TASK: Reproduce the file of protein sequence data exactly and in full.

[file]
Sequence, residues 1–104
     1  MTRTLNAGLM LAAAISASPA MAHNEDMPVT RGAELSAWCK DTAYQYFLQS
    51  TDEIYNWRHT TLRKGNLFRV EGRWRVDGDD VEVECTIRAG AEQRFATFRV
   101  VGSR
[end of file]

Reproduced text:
Sequence, residues 1–104
     1  MTRTLNAGLM LAAAISASPA MAHNEDMPVT RGAELSAWCK DTAYQYFLQS
    51  TDEIYNWRHT TLRKGNLFRV EGRWRVDGDD VEVECTIRAG AEQRFATFRV
   101  VGSR